WHILE most artists continue to work alone, Cinq Soleils creatively organized to offset an otherwise precarious existence. In the early '70s, Denis Smith, a painter, had a vision of building a gallery and keeping the group's work together in one place, where buyers would come to them. He also felt that, as a group, they might have a better chance of earning international recognition.
Mr. Smith's idea was realized in an organization named Fleur Soleil (Sunflower) in 1972. Fleur Soleil won national and international acclaim for its detailed and vibrant interpretations of Vodun gods. Black-and-white and color images adorned both ceremonial banners and gallery walls throughout Haiti. In recognition of their kinship to the artist Robert Saint Brice, who painted similar images 30 years earlier, Andr'e Malreaux, the French writer and cultural ambassador, took the liberty of proclaiming the community ``Saint-Soleil'' during a 1975 visit. The name stuck. Malreaux later wrote, ``The community of Saint-Soleil is liberty proclaiming itself. It is one of the most startling experiences of our century: It is magic through painting.''
But it soon became apparent that one painter - Tiga - wanted to control the group. ``He treated the other artists like children, and made decisions on his own,'' according to G'enevi`eve B'ecoulet. By 1979, after a handful of breakups and name changes, the group fell apart, unable to escape the mistrust and exploitation it had set out to conquer.
In 1984, however, five of the original Saint-Soleil artists reunited to discuss ways they might better put theory into practice. In 1986, they registered under a new name, Cinq Soleils, hoping to recoup as much name recognition as they could without inheriting the legacy of their first attempts.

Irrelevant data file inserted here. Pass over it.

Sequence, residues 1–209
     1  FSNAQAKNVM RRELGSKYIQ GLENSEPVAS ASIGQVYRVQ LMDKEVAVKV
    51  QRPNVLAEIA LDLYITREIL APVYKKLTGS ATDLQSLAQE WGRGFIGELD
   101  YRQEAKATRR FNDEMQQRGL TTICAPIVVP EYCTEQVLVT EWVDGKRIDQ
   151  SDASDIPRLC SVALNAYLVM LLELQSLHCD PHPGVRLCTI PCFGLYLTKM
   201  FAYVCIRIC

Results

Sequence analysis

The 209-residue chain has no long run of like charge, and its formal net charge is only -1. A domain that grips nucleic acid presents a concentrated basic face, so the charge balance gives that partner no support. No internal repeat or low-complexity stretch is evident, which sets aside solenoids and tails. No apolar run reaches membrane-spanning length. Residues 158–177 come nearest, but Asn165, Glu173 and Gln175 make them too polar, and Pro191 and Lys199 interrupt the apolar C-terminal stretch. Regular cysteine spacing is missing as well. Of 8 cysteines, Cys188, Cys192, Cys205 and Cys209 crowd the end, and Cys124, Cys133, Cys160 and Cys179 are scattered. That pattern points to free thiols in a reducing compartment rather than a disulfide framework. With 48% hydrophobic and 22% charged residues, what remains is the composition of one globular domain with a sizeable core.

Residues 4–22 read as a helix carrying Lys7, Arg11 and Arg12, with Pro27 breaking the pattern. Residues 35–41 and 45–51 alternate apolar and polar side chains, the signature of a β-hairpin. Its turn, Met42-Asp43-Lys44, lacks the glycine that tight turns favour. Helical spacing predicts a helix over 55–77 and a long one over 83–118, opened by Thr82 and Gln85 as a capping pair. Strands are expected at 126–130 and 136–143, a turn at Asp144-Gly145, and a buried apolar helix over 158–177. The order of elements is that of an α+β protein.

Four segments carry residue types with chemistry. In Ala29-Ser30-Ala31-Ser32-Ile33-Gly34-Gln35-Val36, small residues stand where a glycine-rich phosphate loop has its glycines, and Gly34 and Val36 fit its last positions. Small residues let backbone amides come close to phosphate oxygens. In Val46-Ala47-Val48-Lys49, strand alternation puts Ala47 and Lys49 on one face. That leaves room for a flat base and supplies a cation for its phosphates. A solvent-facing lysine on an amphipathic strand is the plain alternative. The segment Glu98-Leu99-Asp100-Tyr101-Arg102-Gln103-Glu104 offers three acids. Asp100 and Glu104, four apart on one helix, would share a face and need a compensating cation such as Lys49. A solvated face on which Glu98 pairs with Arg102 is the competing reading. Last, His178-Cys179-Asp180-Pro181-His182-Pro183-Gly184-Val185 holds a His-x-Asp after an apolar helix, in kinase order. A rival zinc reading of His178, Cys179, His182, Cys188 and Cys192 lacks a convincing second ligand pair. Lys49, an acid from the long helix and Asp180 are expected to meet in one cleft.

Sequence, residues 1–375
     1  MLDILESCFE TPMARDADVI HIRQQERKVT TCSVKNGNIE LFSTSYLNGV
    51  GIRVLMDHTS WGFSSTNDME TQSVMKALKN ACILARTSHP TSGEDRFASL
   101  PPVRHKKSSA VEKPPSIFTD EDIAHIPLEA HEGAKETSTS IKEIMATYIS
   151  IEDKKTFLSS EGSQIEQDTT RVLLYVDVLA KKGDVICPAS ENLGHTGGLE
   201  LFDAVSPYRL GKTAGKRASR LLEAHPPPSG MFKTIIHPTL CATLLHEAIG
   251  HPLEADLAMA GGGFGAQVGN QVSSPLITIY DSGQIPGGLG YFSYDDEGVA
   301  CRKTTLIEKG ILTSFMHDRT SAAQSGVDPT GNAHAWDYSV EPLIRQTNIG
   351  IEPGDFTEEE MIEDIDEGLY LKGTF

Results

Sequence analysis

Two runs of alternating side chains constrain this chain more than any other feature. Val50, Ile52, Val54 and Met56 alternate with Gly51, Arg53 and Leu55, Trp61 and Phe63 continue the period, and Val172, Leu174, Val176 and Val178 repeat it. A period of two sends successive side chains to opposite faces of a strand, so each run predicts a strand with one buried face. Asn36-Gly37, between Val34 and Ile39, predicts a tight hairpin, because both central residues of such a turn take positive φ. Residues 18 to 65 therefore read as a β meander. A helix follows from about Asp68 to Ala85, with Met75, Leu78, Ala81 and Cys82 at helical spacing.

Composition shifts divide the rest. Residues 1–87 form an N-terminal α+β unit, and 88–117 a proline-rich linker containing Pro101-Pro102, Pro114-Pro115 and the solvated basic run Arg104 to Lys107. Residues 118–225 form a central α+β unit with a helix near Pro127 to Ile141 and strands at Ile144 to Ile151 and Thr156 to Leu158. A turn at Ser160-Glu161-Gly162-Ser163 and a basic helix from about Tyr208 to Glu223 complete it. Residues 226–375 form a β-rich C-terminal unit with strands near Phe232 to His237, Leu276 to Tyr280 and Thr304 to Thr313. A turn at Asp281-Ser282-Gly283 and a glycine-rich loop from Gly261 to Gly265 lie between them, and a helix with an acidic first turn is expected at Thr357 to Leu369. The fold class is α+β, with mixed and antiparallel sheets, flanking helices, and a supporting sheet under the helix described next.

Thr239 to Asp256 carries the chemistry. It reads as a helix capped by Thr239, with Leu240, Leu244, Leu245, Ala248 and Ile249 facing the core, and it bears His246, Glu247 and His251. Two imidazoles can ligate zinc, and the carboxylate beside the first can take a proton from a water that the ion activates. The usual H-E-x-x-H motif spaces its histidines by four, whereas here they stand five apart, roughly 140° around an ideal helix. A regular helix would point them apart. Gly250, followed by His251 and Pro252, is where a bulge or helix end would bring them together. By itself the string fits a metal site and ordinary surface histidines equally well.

The Cinq Soleils artists are as prolific and fresh as they once were. Exhibitions of their work have traveled throughout Haiti, Europe, and North America. A loan from a French nongovernmental agency provided them with the cash to build a gallery, big enough on the inside for the next generation of painters. The artists established three savings funds: one to buy the land under their gallery, another to purchase materials, and the third to provide economic support to any artists in the group who was not selling enough to make ends meet. They help one another build their homes, farm the land they rent near the gallery, and take what's left over to market in Port-au-Prince.
``We're starting to teach our children to paint,'' says Cinq Soleils artist Prosp`ere Pierre Louis. ``We also want to decorate some textiles with our designs, for pillows and sheets and other items to sell.''
Other plans for the future? ``We are in no hurry,'' he says with a smile. This time around, Cinq Soleils will handle success at its own pace.
``Everything they do is completely their idea,'' says Ms. B'ecoulet. ``They have tremendous artistic and moral discipline, which is what makes Cinq Soleils a rare find. Their past has taught them not to trust people, yet they trust each other.''
The ground outside the gallery offers a magnificent view of the valley. The city of Port-au-Prince is far below, blanketed in the haze of heat and dust. Up here, life is slower. The air is clean and cool. There is room to grow. ``Yes,'' Mr. Louis says. ``It is a beautiful life.''